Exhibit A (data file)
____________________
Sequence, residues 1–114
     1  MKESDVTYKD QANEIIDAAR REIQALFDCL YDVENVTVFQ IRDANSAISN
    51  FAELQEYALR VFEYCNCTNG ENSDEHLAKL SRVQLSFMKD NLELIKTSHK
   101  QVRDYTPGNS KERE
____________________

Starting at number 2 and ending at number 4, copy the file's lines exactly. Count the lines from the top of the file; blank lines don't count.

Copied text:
     1  MKESDVTYKD QANEIIDAAR REIQALFDCL YDVENVTVFQ IRDANSAISN
    51  FAELQEYALR VFEYCNCTNG ENSDEHLAKL SRVQLSFMKD NLELIKTSHK
   101  QVRDYTPGNS KERE